Heading Through a Crowd
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© The Author(s) 2018.
The ability to navigate through crowds of moving people accurately, efficiently, and without causing collisions is essential for our day-to-day lives. Vision provides key information about one’s own self-motion as well as the motions of other people in the crowd. These two types of information (optic flow and biological motion) have each been investigated extensively; however, surprisingly little research has been dedicated to investigating how they are processed when presented concurrently. Here, we showed that patterns of biological motion have a negative impact on visual-heading estimation when people within the crowd move their limbs but do not move through the scene. Conversely, limb motion facilitates heading estimation when walkers move independently through the scene. Interestingly, this facilitation occurs for crowds containing both regular and perturbed depictions of humans, suggesting that it is likely caused by low-level motion cues inherent in the biological motion of other people.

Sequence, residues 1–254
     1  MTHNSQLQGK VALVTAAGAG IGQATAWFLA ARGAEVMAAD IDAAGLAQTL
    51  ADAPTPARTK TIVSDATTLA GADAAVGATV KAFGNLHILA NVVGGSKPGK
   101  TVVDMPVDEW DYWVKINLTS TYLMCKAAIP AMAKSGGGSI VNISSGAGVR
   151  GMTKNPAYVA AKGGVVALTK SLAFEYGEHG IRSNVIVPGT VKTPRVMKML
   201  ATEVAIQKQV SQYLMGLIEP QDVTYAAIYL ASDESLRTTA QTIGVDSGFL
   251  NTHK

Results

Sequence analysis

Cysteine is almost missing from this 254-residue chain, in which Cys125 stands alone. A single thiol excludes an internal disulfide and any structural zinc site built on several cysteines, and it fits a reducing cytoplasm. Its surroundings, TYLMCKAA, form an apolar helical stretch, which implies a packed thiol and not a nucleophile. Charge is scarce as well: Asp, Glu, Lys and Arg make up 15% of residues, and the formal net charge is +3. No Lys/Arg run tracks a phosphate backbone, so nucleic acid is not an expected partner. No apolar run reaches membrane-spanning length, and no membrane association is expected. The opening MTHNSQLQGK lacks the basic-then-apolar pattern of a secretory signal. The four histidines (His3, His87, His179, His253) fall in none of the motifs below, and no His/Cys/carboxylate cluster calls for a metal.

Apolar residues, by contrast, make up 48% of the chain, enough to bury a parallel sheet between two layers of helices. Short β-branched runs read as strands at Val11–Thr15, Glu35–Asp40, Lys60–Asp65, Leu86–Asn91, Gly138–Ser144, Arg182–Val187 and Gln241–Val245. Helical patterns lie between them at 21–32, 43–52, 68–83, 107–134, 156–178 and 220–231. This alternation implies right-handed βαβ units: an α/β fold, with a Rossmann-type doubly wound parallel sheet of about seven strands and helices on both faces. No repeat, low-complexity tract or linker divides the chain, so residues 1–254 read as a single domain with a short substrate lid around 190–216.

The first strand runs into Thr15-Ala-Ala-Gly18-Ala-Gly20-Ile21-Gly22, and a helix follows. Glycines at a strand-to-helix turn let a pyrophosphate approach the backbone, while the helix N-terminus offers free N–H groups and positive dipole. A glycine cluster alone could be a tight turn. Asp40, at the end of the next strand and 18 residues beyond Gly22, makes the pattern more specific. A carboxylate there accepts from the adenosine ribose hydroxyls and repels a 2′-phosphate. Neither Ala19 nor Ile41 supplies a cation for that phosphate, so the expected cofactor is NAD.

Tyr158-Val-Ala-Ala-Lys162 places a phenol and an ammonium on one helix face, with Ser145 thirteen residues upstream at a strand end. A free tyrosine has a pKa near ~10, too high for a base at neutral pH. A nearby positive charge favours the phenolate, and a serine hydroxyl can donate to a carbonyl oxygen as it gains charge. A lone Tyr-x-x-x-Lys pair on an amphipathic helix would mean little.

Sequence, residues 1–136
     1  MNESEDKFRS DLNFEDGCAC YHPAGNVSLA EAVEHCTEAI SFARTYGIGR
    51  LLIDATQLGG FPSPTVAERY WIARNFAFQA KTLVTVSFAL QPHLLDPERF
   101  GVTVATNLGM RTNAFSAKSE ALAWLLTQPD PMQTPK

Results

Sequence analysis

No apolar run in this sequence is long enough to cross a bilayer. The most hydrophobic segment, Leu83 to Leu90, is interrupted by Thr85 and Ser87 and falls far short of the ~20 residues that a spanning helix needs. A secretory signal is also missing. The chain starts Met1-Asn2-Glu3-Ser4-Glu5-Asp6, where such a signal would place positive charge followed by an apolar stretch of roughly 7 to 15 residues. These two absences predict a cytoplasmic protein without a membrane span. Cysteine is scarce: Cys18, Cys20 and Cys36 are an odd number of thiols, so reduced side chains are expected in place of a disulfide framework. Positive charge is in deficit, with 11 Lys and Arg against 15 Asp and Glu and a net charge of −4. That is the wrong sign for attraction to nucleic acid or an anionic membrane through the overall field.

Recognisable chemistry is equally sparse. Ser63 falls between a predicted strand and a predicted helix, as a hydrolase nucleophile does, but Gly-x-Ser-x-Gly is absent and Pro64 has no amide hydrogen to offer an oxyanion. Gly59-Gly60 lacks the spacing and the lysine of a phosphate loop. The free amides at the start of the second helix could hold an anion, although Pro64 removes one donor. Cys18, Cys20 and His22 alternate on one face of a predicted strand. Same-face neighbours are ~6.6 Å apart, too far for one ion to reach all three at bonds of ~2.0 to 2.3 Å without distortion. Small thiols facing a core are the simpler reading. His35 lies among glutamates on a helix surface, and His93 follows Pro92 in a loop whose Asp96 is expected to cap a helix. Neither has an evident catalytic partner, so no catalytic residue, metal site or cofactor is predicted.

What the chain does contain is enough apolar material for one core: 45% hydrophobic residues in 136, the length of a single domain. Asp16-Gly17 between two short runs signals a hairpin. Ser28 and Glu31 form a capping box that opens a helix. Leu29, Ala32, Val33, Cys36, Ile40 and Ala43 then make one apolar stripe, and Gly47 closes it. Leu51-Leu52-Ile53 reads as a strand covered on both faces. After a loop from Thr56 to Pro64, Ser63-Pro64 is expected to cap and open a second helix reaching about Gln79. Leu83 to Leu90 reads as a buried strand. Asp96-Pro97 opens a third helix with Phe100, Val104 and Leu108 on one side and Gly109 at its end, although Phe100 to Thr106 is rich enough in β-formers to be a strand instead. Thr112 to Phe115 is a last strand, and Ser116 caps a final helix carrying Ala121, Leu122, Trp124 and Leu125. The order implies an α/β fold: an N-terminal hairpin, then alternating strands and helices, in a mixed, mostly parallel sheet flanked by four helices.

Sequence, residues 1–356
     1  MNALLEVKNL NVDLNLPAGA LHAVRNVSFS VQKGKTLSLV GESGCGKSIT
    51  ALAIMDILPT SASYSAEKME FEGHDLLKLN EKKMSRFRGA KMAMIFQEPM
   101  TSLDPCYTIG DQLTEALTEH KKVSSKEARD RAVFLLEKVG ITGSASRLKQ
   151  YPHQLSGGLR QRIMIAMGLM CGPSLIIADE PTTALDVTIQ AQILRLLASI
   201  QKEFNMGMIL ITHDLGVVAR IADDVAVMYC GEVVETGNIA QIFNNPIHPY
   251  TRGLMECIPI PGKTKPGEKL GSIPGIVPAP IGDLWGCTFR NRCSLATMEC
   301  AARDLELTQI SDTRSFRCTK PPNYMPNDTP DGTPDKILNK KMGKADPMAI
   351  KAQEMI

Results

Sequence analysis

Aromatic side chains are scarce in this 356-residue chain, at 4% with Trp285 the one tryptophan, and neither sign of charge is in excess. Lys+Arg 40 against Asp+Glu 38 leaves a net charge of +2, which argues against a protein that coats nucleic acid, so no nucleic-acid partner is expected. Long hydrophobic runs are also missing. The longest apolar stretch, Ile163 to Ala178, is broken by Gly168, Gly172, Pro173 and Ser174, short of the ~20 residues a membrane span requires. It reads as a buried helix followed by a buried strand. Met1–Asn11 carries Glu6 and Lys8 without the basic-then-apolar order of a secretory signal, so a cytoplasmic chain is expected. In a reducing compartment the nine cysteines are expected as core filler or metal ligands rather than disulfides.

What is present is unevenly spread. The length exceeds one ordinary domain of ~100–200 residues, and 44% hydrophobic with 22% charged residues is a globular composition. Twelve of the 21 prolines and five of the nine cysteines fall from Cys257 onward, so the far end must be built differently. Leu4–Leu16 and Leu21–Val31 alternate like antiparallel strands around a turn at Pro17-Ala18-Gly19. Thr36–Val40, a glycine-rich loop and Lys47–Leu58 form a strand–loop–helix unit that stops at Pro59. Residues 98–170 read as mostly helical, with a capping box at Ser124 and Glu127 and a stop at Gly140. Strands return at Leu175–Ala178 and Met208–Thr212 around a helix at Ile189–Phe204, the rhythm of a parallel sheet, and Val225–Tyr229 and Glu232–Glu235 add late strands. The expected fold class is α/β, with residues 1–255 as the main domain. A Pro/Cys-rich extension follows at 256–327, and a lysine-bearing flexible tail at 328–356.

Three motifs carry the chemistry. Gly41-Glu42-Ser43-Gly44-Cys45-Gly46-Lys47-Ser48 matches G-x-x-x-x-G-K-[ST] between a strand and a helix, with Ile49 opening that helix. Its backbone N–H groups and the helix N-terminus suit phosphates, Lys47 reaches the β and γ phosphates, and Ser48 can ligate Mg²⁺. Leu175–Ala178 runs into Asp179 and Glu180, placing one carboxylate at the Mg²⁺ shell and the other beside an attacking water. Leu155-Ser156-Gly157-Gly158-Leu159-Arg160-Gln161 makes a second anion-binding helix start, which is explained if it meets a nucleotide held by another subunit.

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Riddell, Hugh ; Lappe, M. (2017)© 2017 The Authors. When we move through the world, a pattern of expanding optic flow is generated on the retina. In completely rigid environments, this pattern signals one's direction of heading and is an important ...
Rao, Arjun (2009)With security and surveillance gaining paramount importance in recent years, it has become important to reliably automate some surveillance tasks for monitoring crowded areas. The need to automate this process also supports ...
Riddell, Hugh ; Li, L.; Lappe, M. (2019)© 2019 Association for Research in Vision and Ophthalmology Inc. We investigated whether biological motion biases heading estimation from optic flow in a similar manner to nonbiological moving objects. In two experiments, ...